I feel as a whole that there is more artistic freedom in the music business at the independent level. At the independent level, I find the music business much more inspiring- @jaizmusic
Episode #352 : A.V.A Live Radio Behind The Music with Jacqueline Jax : http://www.blogtalkradio.com/avaliveradio/2016/09/08/episode-358-ava-live-radio-behind-the-music-with-jacqueline-jax
GETTING TO KNOW JAIZ
by Jacqueline Jax host of A.V.A Live Radio
Well I’m honestly not a big fan of the music business at the mainstream level.
I don’t religiously listen to a lot of the music that is out there today. The times I do listen to music that’s out today, I notice that a lot of it sounds like something I’ve already heard. I feel for years that a lot of mainstream music has become complacent. I think this especially applies to hip hop music. I feel as a whole that there is more artistic freedom in the music business at the independent level. At the independent level, I find the music business much more inspiring.
It was rough starting out. My late brother Doug was known around the way for rapping.
He was seen in a majestic type of light, and was very well-respected for his skills. So right away he casted a pretty big shadow over me, before I even really got started. So anyone who knew of him for rhyming, unless I was absolutely phenomenal, I would be pretty much dead in the water in comparison. When I first started getting music online, it was even tougher. Eminem was a big influence at the time, and I think he casted a huge shadow over up and coming white rappers. The biggest criticism I received at first was people claiming that I was an Eminem rip off. The reason Eminem became such a big influence is that of all rappers I’ve listened to, his story and personality was most like mine. I saw parallels in his life and mine. Also, the comedic aspect of his style matches my comedic sense of humor of doing characatures and what not. I just saw a lot of myself in him. So even though he was a big influence, I was injecting my own personality into my music. However, people wouldn’t know that, because I didn’t have the kind of forum that I do now to tell my story. It took a while and many songs before I started to form my own artistic identity, rather than being seen as someone trying to be someone else. I don’t think I really came into my own until more recently.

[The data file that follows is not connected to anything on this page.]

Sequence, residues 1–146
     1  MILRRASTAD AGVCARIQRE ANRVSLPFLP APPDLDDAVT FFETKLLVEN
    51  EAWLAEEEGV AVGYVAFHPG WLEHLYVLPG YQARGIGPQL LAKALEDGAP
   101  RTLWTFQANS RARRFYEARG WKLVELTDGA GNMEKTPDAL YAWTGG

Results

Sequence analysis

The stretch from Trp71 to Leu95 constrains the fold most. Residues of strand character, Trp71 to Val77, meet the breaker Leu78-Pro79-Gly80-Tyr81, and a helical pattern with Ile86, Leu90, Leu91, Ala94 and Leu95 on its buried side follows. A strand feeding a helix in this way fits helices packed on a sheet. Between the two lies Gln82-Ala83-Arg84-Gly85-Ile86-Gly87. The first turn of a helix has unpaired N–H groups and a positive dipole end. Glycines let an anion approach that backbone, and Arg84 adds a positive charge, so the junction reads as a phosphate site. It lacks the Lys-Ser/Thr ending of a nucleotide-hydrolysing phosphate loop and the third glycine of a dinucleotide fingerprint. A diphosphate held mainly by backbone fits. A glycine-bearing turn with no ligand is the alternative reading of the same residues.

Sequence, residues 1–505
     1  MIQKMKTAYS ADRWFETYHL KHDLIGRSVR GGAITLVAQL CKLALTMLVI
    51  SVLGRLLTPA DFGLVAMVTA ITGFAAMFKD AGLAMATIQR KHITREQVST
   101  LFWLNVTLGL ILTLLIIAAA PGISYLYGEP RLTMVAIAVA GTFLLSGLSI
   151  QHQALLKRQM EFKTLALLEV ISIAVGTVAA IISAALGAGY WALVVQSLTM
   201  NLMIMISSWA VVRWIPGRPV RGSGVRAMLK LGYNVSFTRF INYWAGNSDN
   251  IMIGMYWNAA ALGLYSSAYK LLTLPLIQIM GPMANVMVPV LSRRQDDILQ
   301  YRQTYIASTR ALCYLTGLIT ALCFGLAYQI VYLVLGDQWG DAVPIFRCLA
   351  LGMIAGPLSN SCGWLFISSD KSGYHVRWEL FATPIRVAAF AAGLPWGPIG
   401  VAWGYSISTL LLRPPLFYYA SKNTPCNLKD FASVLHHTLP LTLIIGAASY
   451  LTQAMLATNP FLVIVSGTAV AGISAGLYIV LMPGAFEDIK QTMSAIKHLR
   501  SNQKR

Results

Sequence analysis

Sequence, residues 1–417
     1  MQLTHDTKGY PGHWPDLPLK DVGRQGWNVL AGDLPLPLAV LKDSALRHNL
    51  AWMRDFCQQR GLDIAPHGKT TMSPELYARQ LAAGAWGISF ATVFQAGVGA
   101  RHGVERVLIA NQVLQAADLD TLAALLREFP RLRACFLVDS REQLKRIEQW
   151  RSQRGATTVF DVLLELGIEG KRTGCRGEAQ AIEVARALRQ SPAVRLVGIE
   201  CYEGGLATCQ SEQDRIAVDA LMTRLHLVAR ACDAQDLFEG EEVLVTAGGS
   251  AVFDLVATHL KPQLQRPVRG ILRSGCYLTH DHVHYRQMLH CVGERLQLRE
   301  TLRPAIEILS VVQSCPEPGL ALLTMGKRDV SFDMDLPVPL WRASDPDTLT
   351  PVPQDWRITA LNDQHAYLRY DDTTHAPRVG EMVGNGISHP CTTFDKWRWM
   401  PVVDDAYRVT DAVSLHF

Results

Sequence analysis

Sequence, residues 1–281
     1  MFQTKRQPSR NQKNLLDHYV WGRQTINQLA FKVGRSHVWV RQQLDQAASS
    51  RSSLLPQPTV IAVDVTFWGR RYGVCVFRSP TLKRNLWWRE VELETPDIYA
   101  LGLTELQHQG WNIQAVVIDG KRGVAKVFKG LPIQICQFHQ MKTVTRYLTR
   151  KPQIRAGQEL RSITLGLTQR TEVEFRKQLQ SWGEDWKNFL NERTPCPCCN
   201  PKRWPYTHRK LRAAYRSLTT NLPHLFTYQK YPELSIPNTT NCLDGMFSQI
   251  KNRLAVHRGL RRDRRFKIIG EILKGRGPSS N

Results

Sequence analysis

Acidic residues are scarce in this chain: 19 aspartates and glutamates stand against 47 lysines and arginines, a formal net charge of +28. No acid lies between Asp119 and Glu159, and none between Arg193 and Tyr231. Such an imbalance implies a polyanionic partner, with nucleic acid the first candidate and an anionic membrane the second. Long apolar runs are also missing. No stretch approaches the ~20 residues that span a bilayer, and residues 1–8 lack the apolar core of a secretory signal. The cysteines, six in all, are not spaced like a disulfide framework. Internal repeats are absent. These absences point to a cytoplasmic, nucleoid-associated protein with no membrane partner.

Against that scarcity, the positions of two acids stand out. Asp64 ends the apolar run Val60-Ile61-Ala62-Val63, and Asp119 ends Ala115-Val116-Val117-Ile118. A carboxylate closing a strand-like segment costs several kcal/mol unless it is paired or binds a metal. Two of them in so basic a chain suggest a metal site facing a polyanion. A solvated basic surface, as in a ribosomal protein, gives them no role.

Reverbnation has really helped me branch out, and has helped me immensely with receiving exposure. With the help of some assistance with marketing and getting recognized a lot more, I eventually became the #1 global hip hop artist on reverbnation. That earned me a lot of attention and credibility, and definitely helped with getting my name out there. There is a plethora of elements and factors that helped out along the way. Starting out is tough, and haters will always come with the territory. The key is to use the negativity and criticism to grow as an artist. You have to have the dedication and commitment to use it as a tool to improve. It is a good test to see what you’re made of. It will let you know, whether or not, you are cut out to persevere through such adversity. You can be a success if you fully put your heart into it. You have to reach inside to tell yourself that you can overcome this, and rise above it. You have to believe in yourself.
I think, like a lot of artists and creative people,
I am my biggest critic. Over time my expectations for what I make, has grown higher and higher. In the past, it wasn’t as potent as it is now. I find it harder and harder to live up to my own expectations to feel a song is ready to be released as a single. I prefer releasing singles because my expectations for an album would be super high, and I put way more pressure on myself than I should. Also, marketing an album versus a single, seems like it would be much harder. The independent music scene has become so big with many talented artists out there. The world of marketing keeps getting bigger and bigger as well. There is so much independent music to be discovered, and it’s easy to fall behind in such a competitive world. Marketing a single is tough, and an album would be a whole lot tougher. I’m content with just releasing singles for now, and to concentrate on growing and evolving with the marketing process.